Differences between communicable and infectious diseases
While the words "infectious" and "contagious" are often used interchangeably to describe illnesses, they actually mean two very different things.
Infectious DiseasePut simply, an infectious disease is an infection. That is, when a microorganism comes into your body, and makes itself comfortable. For bacteria or fungi, this means dividing and growing new cells at an exponential rate. Viruses, on the other hand, have an added hurdle of entering human cells and taking over their control centers so that they can make more of themselves.
Infectious & Not CommunicableWhile all communicable diseases are infectious, not all infections are communicable. Tetanus, for example, can cause an infection, but a person with tetanus can't spread it to other people.1 The bacteria live in dirt and dust and get inside your body through abrasions like cuts, scrapes, or punctures. While the pathogen can lead to a very serious infection and illness in individuals, it will almost certainly never cause a worldwide pandemic.
Invisible InfectionsThe human papillomavirus is an example of a pathogen that can cause infection but not necessarily symptoms. Nearly all adults in the United States will get infected with HPV, but most don't even realize it.2While the virus can lead to genital warts or cancer in some people, the vast majority of the time it doesn't cause any symptoms at all. Your body is able to clear the infection without you ever getting sick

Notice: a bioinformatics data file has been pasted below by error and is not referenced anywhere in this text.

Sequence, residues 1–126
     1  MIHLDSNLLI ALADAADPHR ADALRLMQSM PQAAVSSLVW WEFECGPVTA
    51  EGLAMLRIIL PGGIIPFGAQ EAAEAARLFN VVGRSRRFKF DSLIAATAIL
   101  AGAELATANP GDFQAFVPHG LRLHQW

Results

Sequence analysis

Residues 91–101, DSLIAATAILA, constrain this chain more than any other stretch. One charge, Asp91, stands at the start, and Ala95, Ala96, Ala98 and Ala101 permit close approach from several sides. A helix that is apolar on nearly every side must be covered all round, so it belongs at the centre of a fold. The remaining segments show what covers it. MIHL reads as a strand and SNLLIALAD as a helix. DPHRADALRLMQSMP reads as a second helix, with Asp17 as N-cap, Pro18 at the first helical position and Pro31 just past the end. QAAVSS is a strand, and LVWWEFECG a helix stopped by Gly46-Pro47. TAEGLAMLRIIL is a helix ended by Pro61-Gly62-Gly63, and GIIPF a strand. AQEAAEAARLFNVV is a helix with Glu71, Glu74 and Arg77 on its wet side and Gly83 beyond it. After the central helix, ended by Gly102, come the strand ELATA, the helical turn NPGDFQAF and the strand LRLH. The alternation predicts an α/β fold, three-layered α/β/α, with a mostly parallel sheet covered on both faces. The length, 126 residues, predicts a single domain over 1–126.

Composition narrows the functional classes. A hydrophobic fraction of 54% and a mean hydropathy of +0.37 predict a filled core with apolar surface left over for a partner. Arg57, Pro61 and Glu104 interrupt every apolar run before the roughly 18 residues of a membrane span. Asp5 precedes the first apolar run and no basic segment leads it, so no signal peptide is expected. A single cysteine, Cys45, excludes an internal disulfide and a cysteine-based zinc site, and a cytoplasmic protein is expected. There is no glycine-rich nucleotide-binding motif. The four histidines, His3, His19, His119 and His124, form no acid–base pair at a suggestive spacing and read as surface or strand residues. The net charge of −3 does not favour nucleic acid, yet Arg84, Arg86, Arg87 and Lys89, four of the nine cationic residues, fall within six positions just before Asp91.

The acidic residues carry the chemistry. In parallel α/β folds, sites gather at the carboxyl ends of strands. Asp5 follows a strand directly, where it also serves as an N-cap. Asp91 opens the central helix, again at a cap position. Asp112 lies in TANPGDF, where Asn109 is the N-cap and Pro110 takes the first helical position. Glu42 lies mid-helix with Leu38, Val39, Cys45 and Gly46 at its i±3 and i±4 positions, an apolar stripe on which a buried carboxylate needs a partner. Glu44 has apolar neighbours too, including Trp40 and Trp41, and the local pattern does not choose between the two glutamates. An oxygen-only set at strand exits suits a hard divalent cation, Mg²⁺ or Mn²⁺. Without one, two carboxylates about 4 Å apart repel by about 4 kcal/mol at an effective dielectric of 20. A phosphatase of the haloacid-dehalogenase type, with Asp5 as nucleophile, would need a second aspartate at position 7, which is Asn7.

Communicable DiseaseA communicable disease is a contagious one. The effect is external. If someone catches the illness, they can get sick and spread the pathogen—be it a cold, virus, or some other disease-causing agent—onto the next person. This can lead to small, isolated outbreaks or full-scale pandemics. An example of this happens each and every year in the United States from roughly October to May: the flu. As influenza viruses are passed from person to person and via contaminated objects, the virus spreads far and wide. For every one person with the flu, another one to two others will likely become infected if they aren't immune. This rate of how fast a pathogen can spread is called the basic reproductive number, or R0, and it depends on a wide variety of factors, including how the microbe travels to new people
You can consult a family medicine practitioner or an internist, as to take more examinations for your health or another serious condition that also requires medical attention.